Self-Assessment, Self-Enhancement, and the Choice of Comparison Organizations for Evaluating Organizational Performance in Advances in Strategic Management (forthcoming)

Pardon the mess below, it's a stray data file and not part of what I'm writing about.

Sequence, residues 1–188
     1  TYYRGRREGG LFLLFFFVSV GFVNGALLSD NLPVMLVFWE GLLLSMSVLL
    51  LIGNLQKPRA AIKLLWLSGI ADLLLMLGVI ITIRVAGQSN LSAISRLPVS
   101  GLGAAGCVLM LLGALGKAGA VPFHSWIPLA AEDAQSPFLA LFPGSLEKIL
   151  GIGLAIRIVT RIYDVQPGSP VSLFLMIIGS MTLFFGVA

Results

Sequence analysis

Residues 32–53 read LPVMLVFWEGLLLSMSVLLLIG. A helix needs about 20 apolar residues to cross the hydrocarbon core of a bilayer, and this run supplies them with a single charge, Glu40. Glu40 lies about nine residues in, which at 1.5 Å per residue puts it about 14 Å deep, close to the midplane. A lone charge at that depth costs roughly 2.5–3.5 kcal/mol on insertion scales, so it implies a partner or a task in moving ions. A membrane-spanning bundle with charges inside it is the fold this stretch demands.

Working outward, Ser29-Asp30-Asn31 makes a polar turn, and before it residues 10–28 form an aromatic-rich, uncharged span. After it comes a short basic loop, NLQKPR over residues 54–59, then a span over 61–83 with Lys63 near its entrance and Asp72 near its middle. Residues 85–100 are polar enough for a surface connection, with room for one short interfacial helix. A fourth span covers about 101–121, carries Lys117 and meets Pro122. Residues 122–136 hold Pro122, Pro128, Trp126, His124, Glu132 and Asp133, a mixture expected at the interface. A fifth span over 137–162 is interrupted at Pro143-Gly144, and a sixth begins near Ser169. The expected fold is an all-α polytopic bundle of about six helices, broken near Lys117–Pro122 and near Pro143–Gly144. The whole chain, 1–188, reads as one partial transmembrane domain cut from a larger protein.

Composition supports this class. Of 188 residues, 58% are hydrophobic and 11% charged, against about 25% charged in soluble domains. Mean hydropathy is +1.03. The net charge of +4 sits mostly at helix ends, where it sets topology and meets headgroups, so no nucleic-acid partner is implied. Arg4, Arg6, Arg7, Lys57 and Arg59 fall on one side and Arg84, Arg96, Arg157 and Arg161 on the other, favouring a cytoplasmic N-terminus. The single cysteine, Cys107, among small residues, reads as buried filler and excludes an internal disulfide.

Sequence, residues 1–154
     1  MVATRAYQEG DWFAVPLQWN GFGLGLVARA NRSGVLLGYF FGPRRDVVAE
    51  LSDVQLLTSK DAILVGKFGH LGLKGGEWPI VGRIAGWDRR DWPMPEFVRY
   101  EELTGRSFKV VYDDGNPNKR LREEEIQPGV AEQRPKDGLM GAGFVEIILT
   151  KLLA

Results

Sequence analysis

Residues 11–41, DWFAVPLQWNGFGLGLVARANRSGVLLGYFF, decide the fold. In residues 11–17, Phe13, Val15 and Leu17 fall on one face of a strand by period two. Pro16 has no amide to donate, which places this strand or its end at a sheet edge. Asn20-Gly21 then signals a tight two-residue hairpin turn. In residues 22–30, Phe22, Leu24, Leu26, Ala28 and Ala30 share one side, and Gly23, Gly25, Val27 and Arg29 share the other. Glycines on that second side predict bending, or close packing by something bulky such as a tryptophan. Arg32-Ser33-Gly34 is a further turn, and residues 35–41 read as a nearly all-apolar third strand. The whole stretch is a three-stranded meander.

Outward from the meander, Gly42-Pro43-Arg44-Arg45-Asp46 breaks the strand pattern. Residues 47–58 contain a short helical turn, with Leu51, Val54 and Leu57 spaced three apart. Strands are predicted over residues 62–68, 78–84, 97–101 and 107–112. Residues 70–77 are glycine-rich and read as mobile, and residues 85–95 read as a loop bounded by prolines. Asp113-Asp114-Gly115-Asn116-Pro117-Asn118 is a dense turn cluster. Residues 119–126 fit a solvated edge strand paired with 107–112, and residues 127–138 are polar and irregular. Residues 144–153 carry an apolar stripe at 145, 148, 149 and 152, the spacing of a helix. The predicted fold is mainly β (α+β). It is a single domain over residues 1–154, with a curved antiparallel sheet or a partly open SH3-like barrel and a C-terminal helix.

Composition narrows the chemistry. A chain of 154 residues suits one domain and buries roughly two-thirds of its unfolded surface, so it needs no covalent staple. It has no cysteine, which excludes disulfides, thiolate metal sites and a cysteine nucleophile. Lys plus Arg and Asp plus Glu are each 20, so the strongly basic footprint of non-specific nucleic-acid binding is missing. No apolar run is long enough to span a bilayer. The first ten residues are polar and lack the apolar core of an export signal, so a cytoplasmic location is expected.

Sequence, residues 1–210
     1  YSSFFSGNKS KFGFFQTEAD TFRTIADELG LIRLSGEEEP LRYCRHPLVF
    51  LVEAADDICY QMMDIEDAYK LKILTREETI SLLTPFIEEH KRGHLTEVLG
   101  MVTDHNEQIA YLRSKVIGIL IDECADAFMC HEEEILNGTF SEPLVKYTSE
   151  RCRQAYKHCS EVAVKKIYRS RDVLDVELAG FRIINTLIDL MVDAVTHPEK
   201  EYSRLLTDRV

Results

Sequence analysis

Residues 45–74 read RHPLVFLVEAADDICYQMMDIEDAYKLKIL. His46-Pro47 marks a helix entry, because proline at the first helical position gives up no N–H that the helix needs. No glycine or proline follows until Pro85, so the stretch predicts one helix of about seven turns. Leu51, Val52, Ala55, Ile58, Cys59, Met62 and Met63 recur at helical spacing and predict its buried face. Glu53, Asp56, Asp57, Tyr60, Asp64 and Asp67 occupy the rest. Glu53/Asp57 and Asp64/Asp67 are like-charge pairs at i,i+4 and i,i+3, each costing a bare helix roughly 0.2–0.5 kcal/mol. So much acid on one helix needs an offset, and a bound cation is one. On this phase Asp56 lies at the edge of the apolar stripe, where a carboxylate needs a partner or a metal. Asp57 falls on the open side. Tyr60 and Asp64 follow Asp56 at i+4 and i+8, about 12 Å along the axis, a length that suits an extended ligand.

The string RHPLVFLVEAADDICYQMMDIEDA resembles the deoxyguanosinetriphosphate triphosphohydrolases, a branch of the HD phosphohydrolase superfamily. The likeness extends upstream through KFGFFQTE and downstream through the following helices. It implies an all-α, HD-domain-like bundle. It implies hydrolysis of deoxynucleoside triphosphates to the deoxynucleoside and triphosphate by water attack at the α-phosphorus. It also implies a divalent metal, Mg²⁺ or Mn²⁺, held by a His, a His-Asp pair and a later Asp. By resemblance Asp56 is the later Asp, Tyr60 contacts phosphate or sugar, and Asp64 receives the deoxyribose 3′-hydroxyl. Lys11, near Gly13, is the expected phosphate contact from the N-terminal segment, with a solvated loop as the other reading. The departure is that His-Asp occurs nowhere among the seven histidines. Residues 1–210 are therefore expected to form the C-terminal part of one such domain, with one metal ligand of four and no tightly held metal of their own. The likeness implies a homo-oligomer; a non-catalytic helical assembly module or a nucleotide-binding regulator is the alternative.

We examine the influence of the self-assessment and self-enhancement motives on the choice of comparison organizations in two experimental studies. Study 1 shows that: (1) self-assessment generally prevailed over self-enhancement, guiding decision makers to choose organizations that were more similar and had better performance; (2) self-enhancement was more pronounced under conditions of low performance, leading participants to more frequently choose organizations that were less similar and had lower performance; and, (3) self-enhancing comparisons inhibited perceptions of failure and the propensity to make changes. Study 2 extends the results of Study 1 by showing that participants were more likely to choose comparison organizations that had lower performance and were less similar when they were in a self-enhancement mindset than when they were in a self-assessment mindset. The combined effects of self-assessment and self-enhancement on the choice of comparison organizations are discussed in relation to the broader organizational literature on learning from performance feedback.